Customer Experience: A Tale Of Two Service Providers – One Public, One Private

The Technology Exists to Transform the Customer Experience

In his latest post Don Peppers shares his experience of attending the Mobile World Congress in Barcelona. Given my recent experiences as a customer, the following words particularly resonate with me (bolding mine):

“At virtually every booth, at every significant exhibit, the message was about how to use each of these new technologies or product offerings to deliver a better customer experience. To interact faster or more efficiently with customers. To provide what customers need in a more effective manner. To deliver better, more reliable service, less expensively and more flexibly.

And this didn’t seem out of place to me at all, because the customer-experience revolution is being powered by technological change. It’s always been a good thing for businesses to be customer-oriented, but it’s only within the last twenty years or so that technology has made it economically possible to be customer-centric, at scale.”

I want to pick up this theme and illustrate it through two of my recent experiences. One with a public sector organisation (The Passport Office, UK) and Churchill (car, home, travel, life insurer).  Which one is making effective use of technology to transform the customer experience?

What Kind of A Customer Experience Does The Passport Office Enable-Deliver?

1. My Experience Fifteen Years Ago

The last time I put in an application to renew my passport was fifteen years ago: 1990.  I remember it being a painful process.  First, I made my way to the local Post Office branch. Then queue up for some 10 minutes, finally only to be told that the branch had run out of passport renewal forms. This meant getting into my car and travelling to the main Post Office branch in the town centre. This required a ten minute journey, the hassle of finding a car park, paying car park charges. Waiting even longer – something like 20 minutes – to get hold of the requisite form. Whilst I was in town, I took the opportunity to get passport photos made.

Once I had the paperwork and photos, I returned home. After I had completed the paperwork, I had to write a long declaration in tiny writing on the back of several photos (of me). Then I phoned my doctor’s surgery requesting my doctor to sign two of these photos to declare that they represented my likeness. I was told that the doctor would charge a fee of £40. So the next day I took the fee and the photos and left them with the receptionist at the doctor’s surgery. I was told that the photos would be available for collection in two days.

A week or so, I remembered the photos so I made my way back to the doctor’s surgery to pick up the photos. As the surgery was busy I had to wait something like five minutes to ask for the photos only to find that they had not been signed!  After another couple of days I got hold of the signed photos. Then I put all the material together, took it to the Post Office and sent it away ‘special delivery’. About four weeks later, I received my new passport.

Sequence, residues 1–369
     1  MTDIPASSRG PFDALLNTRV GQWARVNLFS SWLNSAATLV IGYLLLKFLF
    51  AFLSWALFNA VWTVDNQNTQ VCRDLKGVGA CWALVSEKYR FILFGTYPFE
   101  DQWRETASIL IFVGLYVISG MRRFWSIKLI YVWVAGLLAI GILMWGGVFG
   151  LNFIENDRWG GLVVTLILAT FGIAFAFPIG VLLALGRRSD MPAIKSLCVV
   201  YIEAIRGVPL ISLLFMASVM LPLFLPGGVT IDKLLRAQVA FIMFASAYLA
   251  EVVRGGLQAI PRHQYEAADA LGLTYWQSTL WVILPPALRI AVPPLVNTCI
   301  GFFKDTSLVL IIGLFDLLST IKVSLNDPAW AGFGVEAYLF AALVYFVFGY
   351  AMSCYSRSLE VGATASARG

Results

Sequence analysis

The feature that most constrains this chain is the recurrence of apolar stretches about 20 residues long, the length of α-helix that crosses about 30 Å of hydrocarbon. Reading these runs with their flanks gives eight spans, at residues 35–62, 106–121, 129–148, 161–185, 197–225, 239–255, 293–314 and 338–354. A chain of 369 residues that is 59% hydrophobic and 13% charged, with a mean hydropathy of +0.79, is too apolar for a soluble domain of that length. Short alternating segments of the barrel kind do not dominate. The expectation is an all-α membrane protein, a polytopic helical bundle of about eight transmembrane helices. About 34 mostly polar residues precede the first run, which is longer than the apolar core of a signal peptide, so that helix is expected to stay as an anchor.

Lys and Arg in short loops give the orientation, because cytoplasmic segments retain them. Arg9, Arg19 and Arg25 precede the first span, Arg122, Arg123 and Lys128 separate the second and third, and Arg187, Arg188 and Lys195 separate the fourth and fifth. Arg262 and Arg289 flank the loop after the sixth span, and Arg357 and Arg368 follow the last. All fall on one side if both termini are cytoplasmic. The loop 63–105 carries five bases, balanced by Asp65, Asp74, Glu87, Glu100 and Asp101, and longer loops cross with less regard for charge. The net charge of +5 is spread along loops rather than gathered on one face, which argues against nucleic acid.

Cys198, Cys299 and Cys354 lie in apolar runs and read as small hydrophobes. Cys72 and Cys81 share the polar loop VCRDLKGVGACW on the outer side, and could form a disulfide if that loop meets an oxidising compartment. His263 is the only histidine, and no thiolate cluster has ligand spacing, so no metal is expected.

2. My Experience This Time Around

I had been aware for months that my passport would run out in Feb2015. I also knew I needed a passport to travel – for work, with the family on holidays  . Yet, I could not get myself to start the renewal process – except for getting the passport photos made. Why?  The memory of the previous experience was fresh in my mind. I was totally convinced that it was going to be a long drawn out effort (hassle) to get my new passport.

One day I decided to take on the challenge. This time I did not go to the local Post Office branch. I opened up my laptop and typed “UK passport renewal online” into Google. To my delight, I shortly found myself on the http://www.gov.uk website presented with easy to understand wizard/directions. By following the online process, within four minutes I had filled in the requisite screens, selected various options, paid the fee through credit card, and printed out the requisite paperwork.

I checked over the paperwork. Then I attached two passport photos – this time I was not required to get the photos attested by my doctor. I added in my expired passport, sealed everything up in an envelope, and walked to the local Post Office branch. At the branch, I paid the requisite fee for ‘special delivery’. I experience ease and marvelled at how easy it had been this time around.

Just a week into the process, I got an automated message from The Passport Office telling me something like “Your passport is being printed right now. And will be with you in a couple of days.” I found myself surprised and delighted. Why?  The Passport Office had used technology to make the application process easy and quick. Now The Passport Office was using technology to keep me up to date with progress – just at the right moment, the moment my passport was being printed. Wow!  How clued in, how customer-centric, is The Passport Office.

The Passport Office went on to keep its promise. I received my new passport within the promised two days. It had taken a total of 8 working days to get a new passport office issued. And the most effort had involved going into the town centre and getting the photos taken.  A total contrast with fifteen years ago.